Liverpool 4 – 4 Arsenal
0 – 1 Arshavin(36)
1 – 1 Torres (49)
2 – 1 Benayoun (56)
2 – 2 Arshavin (67)
2 – 3 Arshavin (70)
3 – 3 Torres (72)
3 – 4 Arshavin (90)
4 – 4 Benayoun (90)
Arsene said after the match that he was ‘half happy’. Little doubt that the other half of him was relieved, for a multitude of reasons, not least of which is that a ‘1’ could quite easily have been inserted before the ‘4’ in the Liverpool score were it not for an outstanding display under the circumstances by Lukasz Fabianski. Strange as it seems, the Pole had a blinding first half where he wiped away any doubts he had about his abilities with a string of excellent saves that allowed Arsenal to enter the interval with a goal advantage. Arshavin is garnering the headlines but it would a close call for Man of the Match.
Four goals away from home is no mean feat yet it is tinged with disappointment. To have held the lead three times – the last with barely two minutes remaining on the clock – and to walk away with one point is something that Wenger and the squad will regret. That Arsenal were battered for an hour and deserved to be trailing will temper that somewhat.
Liverpool started brightly and were able to dominate possession. Fabianski was called into action early on with a ‘routine’ save from Torres. Shortly afterwards, he had rolled back the years, diving at Benayoun’s feet in a manner that Bob Wilson would have been proud of. It was to set the mark for the game. Where Fabianski scores highly is his ability to ‘forget’ mistakes quickly. Make a hash of a cross? No problem – the next one is connected with.
When Fabianski was beaten, Nasri and Gibbs both popped up with timely interventions. I felt sorry for Gibbs all evening. He was exposed on the left, Liverpool regularly doubling up on him to get around the back and deliver a threat from the wings. To his credit, he did not let it ‘get’ to him and continued to fight until the last minute. Fortunately for Arshavin, he scored four goals for his all round contribution to the game was lacking. The flipside of that coin though is that the Russian did exactly what he was purchased for; scoring.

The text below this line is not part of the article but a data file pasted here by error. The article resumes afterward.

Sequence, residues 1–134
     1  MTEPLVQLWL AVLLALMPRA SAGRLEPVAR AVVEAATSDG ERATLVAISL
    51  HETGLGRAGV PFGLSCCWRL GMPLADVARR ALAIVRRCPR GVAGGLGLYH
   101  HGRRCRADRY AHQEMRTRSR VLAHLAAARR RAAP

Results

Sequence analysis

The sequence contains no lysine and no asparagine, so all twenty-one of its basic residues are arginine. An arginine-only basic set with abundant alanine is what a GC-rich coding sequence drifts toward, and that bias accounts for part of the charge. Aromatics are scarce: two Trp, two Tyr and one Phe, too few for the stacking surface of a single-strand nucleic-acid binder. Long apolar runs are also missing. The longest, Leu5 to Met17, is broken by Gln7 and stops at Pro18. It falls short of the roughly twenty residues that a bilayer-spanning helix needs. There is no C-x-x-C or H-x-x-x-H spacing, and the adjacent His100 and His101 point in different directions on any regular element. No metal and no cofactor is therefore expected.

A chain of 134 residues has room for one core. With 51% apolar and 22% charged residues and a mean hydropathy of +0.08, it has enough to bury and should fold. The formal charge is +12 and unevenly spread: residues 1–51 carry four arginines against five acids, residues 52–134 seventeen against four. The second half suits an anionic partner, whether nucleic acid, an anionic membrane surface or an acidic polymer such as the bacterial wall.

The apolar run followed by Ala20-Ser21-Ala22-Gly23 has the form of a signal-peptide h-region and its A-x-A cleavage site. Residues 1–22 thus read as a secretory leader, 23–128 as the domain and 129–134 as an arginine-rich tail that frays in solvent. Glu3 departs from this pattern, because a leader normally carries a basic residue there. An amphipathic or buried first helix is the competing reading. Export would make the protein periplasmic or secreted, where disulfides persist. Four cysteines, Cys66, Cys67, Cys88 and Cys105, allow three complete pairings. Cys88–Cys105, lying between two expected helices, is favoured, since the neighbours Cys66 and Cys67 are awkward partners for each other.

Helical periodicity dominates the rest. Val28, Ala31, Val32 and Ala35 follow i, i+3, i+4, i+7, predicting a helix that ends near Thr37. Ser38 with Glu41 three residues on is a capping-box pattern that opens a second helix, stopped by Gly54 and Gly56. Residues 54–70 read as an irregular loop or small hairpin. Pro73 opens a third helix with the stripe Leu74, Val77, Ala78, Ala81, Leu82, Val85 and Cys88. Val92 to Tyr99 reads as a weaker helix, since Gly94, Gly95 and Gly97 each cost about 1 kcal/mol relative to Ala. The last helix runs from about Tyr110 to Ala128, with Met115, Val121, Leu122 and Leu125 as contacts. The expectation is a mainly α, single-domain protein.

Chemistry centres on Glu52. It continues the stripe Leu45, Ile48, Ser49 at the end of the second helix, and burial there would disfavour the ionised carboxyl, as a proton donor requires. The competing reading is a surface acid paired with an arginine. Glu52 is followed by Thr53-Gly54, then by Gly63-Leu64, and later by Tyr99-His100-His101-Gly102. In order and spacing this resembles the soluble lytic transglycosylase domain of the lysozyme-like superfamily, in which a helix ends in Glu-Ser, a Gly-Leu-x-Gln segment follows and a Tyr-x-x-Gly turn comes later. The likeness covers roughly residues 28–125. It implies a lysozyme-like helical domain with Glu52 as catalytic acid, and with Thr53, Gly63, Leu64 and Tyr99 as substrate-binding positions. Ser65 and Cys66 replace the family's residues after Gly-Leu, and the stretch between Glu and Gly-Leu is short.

Unfortunately for him, his part in the fiasco that led to Liverpool’s second was punished. Silvestre, under pressure, played a poor backpass to Fabianski. He then was pressurised and played a poor pass to Gibbs, the stands a better option, surely? Gibbs then was pressurised and Kuyt repeated his cross for the equaliser when he capitalised on a poor Sagna clearance. Both goals avoidable from that perspective.
Liverpool will no doubt feel the same about the Arsenal goals. The first was a good team goal. Fabregas and Nasri both tackled Mascherano hard to dispossess him before working a neat passing move to free the Spaniard on the right for an excellent cross for Arshavin to score. He followed that by capitalising on a mistake by Arbeloa to drill home a fierce drive across Reina.
By this time the match became increasingly manic. Liverpool once more dominated possession and created some dangerous situations although tending to rely upon set pieces. Yet it was Arsenal who took the lead, Arshavin punishing sloppy defensive work in the hosts penalty area.
It was not the end of matters though. Walcott broke from a Liverpool corner and found the ideal pass to Arshavin who proved that he has technique his English counterparts can only dream of, by leathering the ball home with his left foot.
At that point, the game should have been closed out, even with a makeshift defence. Yet, as in last season’s Champions League, we failed to do so. On that occasion, the defence was considerably stronger in make-up than last night so the usual criticisms are being fielded. There is an element of truth in that. The current squad lack that crucial aspect of the game on occasion and that is the key. There are momentary lapses but to lay the blame entirely at the door of Silvestre is not correct. Collectively, there were mistakes but this quartet has probably not taken the field together before; that takes time together to adjust to.
One man who set an example to them all was Toure. Whatever ailed him on his return from last year’s African Cup of Nations has worked through his system and his performance last night was reminiscent of those that made him one of the best defenders in the world. He was everywhere, blocking, tackling at times like a whirling dervish.
A good point, tempered by the knowledge it could have been more. Even so, a confidence building result given the exit from the FA Cup at the weekend. More importantly, players are returning to fitness at the right time ahead of the Champions League clashes with United. Anyone worried by them should not. There is enough quality in this squad for progression to the final.
For those interested in a Liverpool perspective on last night, cross over to Have You Ever Been To Liverpool. ’til Tomorrow.